The host and the renter worked together to create a transaction, and signed it together. The finances in this contract can now be dynamically allocated to the host as the renter uploads, downloads, and stores content.
All unspent renter's money will be returned to him when the contract ends. On the other hand, if the money is entirely spent, the renter cannot upload / download / store anything until he forms a new contract.
The next interesting thing about this contract is that, like most contracts on Sia, it starts at 0 bytes and with an empty Merkle Root. And there is also a Revision Number that is set to 0. Data is uploaded to the contract 4MB at a time. Each time that data is uploaded, the Merkle root changes, the revision number is increased, and the money stored in the contract is moved from the renter to the host. So, for the duration of the contract, money is moved around inside the contract, and not on the blockchain. When the contract ends, the totals are committed to the blockchain, and that's when the renter pays and the host gets her revenue and collateral back. More on that in the Revisions section.
File contract revisions in Sia work much like payment channels in Bitcoin. All communication between a renter and a host is billed in a revision, which is essentially like a transaction that doesn't get logged in the blockchain. It allows for many transactions to be performed securely and instantly between two parties (in this case, the renter and the host) without ever needing to show the intermediate transactions to the blockchain. The only transactions that need to be shown to the blockchain are the setup transaction (which is the initial file contract) and the final revision (typically broadcast a few hours before the host performs the storage proof).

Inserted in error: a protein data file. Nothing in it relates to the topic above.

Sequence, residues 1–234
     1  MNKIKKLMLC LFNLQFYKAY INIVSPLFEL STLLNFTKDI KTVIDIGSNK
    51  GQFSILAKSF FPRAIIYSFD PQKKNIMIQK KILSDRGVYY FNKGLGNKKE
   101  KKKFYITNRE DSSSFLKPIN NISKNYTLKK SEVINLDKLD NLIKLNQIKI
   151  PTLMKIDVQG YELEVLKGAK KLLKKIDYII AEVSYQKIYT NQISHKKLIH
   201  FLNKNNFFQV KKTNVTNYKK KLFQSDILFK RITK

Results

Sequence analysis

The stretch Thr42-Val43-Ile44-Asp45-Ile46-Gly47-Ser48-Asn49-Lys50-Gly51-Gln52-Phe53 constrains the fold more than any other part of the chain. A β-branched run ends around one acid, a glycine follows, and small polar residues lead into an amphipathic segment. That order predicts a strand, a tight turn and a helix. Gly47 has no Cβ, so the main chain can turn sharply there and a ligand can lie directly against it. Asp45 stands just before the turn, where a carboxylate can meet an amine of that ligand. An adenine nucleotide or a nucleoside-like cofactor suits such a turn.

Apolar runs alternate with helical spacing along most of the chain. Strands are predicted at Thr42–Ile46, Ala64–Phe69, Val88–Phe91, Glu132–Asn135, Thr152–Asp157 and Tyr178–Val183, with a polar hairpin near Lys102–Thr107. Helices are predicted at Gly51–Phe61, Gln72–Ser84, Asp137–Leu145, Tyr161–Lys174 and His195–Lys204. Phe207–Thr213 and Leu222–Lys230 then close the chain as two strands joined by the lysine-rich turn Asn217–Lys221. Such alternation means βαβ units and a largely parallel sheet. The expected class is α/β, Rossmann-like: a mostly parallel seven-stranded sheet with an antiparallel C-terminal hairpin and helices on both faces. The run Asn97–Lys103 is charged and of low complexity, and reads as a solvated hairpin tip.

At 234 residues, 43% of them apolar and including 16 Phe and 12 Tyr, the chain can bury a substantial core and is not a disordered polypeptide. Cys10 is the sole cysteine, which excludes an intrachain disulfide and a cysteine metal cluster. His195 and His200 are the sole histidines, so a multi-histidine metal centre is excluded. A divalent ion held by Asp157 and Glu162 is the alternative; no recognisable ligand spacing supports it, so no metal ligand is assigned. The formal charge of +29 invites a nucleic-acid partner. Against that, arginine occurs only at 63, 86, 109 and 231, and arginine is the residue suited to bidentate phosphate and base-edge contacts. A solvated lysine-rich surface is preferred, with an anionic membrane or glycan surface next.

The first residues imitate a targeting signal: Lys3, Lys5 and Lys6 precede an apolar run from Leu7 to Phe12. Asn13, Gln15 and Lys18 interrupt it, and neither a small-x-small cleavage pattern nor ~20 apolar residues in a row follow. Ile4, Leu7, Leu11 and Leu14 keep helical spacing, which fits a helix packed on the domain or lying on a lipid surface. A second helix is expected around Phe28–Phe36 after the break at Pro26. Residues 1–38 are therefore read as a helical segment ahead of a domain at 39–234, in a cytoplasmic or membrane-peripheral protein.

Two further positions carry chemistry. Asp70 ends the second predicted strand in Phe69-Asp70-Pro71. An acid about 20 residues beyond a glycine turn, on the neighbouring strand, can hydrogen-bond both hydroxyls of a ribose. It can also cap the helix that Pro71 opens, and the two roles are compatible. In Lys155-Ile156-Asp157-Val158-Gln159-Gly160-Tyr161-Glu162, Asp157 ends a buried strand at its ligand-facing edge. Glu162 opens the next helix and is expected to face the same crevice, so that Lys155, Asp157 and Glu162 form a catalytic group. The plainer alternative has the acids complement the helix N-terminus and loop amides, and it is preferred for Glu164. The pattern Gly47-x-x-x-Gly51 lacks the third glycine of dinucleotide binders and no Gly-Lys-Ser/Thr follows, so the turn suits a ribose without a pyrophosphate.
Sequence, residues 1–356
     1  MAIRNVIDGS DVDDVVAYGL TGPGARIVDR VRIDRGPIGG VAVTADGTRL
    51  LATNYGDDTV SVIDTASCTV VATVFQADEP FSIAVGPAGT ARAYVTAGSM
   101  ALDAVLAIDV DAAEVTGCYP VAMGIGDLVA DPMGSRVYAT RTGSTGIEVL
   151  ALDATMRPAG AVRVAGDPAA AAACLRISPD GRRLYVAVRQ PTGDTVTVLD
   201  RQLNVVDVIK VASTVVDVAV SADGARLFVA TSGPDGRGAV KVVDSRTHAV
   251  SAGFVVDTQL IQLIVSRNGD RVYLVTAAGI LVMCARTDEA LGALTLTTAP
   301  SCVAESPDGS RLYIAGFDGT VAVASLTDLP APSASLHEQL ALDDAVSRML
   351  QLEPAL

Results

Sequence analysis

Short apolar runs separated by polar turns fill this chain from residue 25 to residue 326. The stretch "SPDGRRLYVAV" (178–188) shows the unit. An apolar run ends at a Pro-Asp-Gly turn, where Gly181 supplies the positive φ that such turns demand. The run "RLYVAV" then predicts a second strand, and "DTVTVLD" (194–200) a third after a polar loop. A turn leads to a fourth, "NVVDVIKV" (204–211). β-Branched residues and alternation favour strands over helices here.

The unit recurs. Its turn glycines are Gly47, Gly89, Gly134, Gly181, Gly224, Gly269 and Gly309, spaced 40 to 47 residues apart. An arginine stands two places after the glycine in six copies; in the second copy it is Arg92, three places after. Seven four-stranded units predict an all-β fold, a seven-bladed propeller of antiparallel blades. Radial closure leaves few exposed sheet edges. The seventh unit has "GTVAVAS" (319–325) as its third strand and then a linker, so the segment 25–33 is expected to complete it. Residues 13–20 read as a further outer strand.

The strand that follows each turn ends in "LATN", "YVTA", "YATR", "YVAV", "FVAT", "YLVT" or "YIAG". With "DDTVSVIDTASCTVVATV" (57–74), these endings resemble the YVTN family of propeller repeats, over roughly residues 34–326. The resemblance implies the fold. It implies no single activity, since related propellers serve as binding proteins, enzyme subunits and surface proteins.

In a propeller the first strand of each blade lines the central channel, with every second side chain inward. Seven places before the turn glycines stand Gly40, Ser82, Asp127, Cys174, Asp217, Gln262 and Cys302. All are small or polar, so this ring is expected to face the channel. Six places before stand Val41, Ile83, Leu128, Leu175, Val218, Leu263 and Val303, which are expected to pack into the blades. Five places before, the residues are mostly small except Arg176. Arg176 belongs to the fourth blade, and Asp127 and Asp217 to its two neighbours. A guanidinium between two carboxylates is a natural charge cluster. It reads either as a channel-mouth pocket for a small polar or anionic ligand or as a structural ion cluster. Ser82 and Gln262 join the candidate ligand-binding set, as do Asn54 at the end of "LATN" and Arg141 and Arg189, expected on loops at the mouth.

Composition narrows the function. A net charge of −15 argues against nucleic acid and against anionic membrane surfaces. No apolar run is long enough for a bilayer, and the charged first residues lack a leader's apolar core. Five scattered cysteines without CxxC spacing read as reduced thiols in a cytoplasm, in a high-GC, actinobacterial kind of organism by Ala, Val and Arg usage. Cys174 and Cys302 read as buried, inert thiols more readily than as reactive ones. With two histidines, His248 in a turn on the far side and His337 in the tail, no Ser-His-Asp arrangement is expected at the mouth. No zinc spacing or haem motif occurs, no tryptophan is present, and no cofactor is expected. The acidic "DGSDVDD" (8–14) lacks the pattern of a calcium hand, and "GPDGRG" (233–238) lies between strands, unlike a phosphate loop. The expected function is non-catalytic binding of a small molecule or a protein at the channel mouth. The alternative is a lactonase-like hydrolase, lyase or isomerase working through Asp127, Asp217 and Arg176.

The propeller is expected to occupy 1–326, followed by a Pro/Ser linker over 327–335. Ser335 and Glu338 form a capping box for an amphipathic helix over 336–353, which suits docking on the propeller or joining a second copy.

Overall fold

Each file contract revision has a revision number. If there is already a revision on the blockchain, a newly broadcast revision will only be accepted if the new revision has a higher revision number. If it is accepted, the new revision will entirely replace the old revision.
Using this method, once a renter and a host have set up a contract with eachother, they can make instantly secure transactions hundreds of times per second. A single file contract can store a virtually unlimited amount of data (trillions of terabytes), meaning the real limit of the contract is almost always defined by how much storage the host actually has.